The third-best celebrity sports fan in America is Jack Nicholson, even though this year's Lakers occasionally induce him to leave early.
The second-best celebrity sports fan in America is Samuel L. Jackson, whose tweets about the Olympics were 17 times more entertaining than the Olympics itself.
But the race for best celebrity sports fan in America isn't close. Bill Murray is Secretariat at the Belmont. And the gap widens every year.
Last weekend at the Pebble Beach Pro-Am, he showed up looking like a 19th-century railroad conductor. He agreed to sign a spectator's body, and wrote BOZO on her forehead. He pretended to steal former 49er Harris Barton's Super Bowl rings. He threw a giant champagne glass full of tees into the gallery. And after his approach to the 18th hole, he picked up his divot and fed it to a spectator like a hunk of wedding cake.
Take an afternoon when the boss isn't looking and just search YouTube for "Bill Murray sports." There he is throwing out the first pitch at Wrigley Field – after stepping off the mound like a pro. There he is hopping like a kid as Illinois comes back on Arizona in the 2005 Elite Eight. There he is coaxing Shaquille O'Neal into one of his finest performances. There he is missing field goals on Letterman. (Dave, it should be said, is not much of a holder.)
My favorite is this short clip where somebody catches him on a golf course and asks him to say a few words in support of the local high-school team. In 57 seconds he urges the kids to do terrible things to their coach, and dumps on their upcoming opponents from Bedford, Indiana: "Take some responsibility and eliminate those Bedford creeps."
Those clips are mixed in with the clips you know from Murray in the movies: Carl Spackler, greenskeeper; Ernie McCracken, spectacularly coiffed bowler; and Bill Murray, defensive liability. But really, it's all one Bill Murray -- the guy who can make people laugh, the guy who obviously loves sports.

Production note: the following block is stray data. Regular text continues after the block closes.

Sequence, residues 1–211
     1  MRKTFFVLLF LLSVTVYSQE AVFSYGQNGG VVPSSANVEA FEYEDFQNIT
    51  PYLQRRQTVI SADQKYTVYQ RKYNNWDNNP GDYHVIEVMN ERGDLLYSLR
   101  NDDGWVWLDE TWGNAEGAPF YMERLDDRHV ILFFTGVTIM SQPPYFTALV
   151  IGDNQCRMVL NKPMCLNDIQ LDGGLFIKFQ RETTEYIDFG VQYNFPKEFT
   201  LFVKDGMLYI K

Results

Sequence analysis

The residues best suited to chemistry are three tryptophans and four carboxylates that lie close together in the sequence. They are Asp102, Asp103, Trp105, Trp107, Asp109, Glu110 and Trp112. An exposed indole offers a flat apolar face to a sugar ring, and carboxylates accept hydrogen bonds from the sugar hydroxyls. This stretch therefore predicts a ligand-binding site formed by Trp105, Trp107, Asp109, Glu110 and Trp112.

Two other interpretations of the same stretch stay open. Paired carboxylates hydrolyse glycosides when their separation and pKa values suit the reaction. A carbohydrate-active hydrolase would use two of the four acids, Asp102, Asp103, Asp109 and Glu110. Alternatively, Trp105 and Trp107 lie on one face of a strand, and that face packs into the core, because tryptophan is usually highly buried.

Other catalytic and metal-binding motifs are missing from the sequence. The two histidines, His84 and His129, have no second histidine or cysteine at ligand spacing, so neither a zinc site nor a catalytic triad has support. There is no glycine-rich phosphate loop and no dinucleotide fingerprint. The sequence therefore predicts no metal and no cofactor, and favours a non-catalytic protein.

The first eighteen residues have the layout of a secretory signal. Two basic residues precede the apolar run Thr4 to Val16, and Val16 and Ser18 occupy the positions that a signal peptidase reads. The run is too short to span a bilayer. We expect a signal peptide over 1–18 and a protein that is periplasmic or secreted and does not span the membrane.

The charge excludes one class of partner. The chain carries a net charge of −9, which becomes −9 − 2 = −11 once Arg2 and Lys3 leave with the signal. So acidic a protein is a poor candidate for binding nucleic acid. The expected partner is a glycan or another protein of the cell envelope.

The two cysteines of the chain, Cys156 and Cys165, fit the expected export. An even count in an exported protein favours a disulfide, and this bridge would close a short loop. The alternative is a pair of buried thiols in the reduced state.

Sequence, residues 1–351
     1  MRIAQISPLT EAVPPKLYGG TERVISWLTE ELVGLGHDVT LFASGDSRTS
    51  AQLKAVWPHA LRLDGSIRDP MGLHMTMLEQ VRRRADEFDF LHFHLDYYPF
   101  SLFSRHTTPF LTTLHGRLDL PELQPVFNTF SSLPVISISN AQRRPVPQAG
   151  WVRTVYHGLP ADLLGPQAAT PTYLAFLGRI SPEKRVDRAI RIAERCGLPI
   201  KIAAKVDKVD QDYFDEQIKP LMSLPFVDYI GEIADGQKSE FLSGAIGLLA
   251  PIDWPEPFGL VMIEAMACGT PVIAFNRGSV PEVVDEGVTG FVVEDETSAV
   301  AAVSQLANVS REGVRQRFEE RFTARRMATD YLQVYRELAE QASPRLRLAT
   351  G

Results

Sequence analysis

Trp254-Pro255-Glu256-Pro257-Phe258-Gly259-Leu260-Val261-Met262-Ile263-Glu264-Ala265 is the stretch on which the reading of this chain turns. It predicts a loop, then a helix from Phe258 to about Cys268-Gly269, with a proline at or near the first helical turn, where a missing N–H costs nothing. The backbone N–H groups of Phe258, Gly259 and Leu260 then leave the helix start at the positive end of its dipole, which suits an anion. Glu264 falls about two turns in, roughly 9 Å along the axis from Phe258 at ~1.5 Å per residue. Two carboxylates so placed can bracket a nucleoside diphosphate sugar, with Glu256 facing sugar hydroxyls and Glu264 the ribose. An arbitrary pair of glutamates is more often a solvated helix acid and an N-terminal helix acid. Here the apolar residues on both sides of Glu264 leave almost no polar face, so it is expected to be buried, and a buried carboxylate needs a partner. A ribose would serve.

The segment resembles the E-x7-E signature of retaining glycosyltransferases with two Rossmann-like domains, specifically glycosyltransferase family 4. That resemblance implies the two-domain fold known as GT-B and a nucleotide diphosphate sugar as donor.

He seems to have life figured out better than most of us. He lives in a way a lot of us would -- or hope we would -- if we had fame and money. He takes on a new movie only if he feels like it. He shows up unannounced at random parties, and accepts strangers' invitations for karaoke. Although he won't confirm or deny this, the story is that he comes up behind people on the street, covers their eyes, and when they turn around, says: "No one will ever believe you."
The Cubs games and Pebble Beach are all part of that wandering life. He's a sports bum, and he lives like a sports bum who happens to be a millionaire. (That's a compliment.)
When Bill Murray is around, sports are fun. That's a good lesson for sports fans who lose sleep over a tough loss or obsess over a missed call. Clearly, sports matter to him -- just listen to his beautiful speech when he was inducted into the Sally League Hall of Fame. But they matter to him because they're fun. You get to play golf on a sunny day. Maybe you wear a funny hat. What's better?
I know I said my favorite clip was the one where he talked to the high-school golf team. But my real favorite is the Charleston RiverDogs' video Christmas card. Murray is co-owner of the minor-league team -- that's how he ended up in the Sally League Hall of Fame -- but if you didn't know him, and you watched this, you might think he was the groundskeeper, or the guy who runs the hot-dog stand. The video isn't especially funny, but it's sweet. And Bill Murray looks like just part of the team. He's at a goofy team Christmas party, talking to the camera, having fun.